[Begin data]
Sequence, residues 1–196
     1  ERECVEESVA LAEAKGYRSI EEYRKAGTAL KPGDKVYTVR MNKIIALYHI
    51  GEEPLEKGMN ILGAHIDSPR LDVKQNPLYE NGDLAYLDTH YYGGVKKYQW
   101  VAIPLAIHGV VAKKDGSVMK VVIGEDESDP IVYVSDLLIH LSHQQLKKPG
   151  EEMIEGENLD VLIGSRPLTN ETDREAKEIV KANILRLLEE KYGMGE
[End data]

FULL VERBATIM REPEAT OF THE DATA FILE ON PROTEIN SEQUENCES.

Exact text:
Sequence, residues 1–196
     1  ERECVEESVA LAEAKGYRSI EEYRKAGTAL KPGDKVYTVR MNKIIALYHI
    51  GEEPLEKGMN ILGAHIDSPR LDVKQNPLYE NGDLAYLDTH YYGGVKKYQW
   101  VAIPLAIHGV VAKKDGSVMK VVIGEDESDP IVYVSDLLIH LSHQQLKKPG
   151  EEMIEGENLD VLIGSRPLTN ETDREAKEIV KANILRLLEE KYGMGE